Tuesday, September 05, 2006

'Tis an ill wind that blows nobody good...

All the excitement about energy independence is good for people who appear to sell the answers. Like ethanol, wind tubine manufacturers are enjoying brisk sales, and what is slyly referred to as "pricing power".

Developers of wind farms are reviewing the costs of projects amid hot international demand for turbines, which is driving up the costs of the machinery, The Dominion Post said.
Genesis public affairs spokesman Richard Gordon said the cost of wind turbines had risen 30 per cent since Genesis started examining the Awhitu wind farm project 18 months ago. [More]
Energy independence will not come cheap. Still, many in agriculture view wind farms as an ideal economic answer for rural areas. Critics abound to point out the significant drawbacks to "free" wind energy. Unfortunately, the economics of wind energy require a "fixed" market with government-mandated prices/subsidies and power company rules. Wind energy also requires backup generation - often gas turbine plants that can be brought on-line quickly.
The goals of renewable energy development are reduction of reliance on fossil and nuclear fuels, reduction of greenhouse gas and other emissions, and establishment of more sustainable sources of energy. Some critics question wind energy's ability to significantly move society towards these goals. They point out that 25-30% annual load factor is typical for wind facilities. The intermittent and non-dispatchable nature of wind turbine power requires that "spinning reserves" are kept burning for supply security. The fluctuation in wind power requires more frequent load ramping of such plants to maintain grid system frequency. This can force operators to run conventional plants below optimal thermal efficiency resulting in greater emissions. A recent European Nuclear Society study estimates that the equivalent of one third of energy saved from wind generation is lost to these inefficiencies. [More]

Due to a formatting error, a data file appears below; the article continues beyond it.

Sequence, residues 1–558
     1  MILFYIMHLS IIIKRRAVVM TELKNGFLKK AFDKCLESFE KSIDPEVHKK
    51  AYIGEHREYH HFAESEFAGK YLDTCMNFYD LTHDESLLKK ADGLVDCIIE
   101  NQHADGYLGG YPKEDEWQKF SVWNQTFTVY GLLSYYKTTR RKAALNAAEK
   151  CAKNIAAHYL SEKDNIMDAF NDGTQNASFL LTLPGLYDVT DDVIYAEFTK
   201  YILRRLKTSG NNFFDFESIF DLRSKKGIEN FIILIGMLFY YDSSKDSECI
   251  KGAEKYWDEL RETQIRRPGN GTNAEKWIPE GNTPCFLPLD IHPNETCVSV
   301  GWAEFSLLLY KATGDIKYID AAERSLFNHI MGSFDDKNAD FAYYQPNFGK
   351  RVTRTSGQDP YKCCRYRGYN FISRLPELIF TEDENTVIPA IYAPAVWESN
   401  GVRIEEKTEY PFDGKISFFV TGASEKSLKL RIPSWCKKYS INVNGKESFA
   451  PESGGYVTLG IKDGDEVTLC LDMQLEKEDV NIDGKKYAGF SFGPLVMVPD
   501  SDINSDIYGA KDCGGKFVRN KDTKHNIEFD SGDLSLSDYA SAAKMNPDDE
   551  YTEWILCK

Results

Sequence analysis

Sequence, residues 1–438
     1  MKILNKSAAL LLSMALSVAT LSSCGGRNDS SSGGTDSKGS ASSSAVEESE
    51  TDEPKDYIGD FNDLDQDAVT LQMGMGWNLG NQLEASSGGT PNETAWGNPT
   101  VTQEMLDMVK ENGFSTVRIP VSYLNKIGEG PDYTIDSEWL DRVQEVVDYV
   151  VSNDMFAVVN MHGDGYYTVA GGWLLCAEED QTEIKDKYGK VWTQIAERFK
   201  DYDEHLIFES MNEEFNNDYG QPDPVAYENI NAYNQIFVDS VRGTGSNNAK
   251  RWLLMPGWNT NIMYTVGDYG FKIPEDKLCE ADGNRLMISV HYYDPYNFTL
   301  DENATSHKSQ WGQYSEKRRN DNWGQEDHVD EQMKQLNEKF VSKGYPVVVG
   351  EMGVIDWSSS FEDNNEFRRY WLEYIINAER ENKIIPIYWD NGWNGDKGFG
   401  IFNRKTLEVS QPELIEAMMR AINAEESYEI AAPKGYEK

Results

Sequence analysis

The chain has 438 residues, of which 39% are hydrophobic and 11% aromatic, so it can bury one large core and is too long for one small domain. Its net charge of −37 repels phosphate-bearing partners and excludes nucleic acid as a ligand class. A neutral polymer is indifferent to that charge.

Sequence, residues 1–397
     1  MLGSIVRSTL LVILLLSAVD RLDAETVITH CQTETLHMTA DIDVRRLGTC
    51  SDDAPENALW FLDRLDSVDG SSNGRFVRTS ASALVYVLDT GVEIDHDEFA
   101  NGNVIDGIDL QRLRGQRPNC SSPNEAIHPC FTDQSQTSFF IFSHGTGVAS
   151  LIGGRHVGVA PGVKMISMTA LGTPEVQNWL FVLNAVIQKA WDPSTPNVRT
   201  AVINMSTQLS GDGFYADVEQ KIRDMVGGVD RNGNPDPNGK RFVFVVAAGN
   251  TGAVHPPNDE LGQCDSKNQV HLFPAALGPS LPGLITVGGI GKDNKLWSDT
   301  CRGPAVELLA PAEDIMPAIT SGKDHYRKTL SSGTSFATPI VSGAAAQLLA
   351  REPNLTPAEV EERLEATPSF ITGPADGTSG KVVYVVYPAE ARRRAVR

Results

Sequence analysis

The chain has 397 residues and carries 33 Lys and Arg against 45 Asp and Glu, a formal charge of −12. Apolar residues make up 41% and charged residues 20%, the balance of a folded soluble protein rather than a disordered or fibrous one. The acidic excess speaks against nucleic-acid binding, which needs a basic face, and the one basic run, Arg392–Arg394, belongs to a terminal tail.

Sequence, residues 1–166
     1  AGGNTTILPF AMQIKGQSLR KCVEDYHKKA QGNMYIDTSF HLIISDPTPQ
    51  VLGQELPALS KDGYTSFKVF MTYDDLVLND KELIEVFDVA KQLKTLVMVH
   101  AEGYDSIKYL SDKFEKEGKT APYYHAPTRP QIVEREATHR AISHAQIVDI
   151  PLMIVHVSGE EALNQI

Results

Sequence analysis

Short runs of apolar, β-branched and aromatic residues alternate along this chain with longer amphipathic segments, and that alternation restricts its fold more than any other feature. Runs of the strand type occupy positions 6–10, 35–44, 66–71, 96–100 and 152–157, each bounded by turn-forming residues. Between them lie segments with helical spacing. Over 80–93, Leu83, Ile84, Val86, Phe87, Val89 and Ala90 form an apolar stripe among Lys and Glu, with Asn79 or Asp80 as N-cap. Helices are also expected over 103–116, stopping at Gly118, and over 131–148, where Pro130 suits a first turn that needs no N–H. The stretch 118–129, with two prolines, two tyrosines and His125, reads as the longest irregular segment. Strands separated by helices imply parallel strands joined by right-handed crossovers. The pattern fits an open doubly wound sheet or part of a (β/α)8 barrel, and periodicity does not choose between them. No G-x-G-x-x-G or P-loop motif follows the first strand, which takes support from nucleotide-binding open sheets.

Skyrocketing wind turbine costs only further skews the economic equation for wind power. The biggest problem is wind energy competes not with oil so much as coal - which is very cheap domestic energy. Meanwhile, our energy Achilles heel is our "addiction to oil" and the windpower can only affect transportation oil use (70%) if we switch to electric "plug in" hybrids. This has not been a very popular idea so far.

The implication for me: energy - all kinds - will be much more expensive than we have been used to for the foreseeable future. Wind energy will for the most part simply be a minor boondoggle benefitting those who own or sell turbines, not power consumers.

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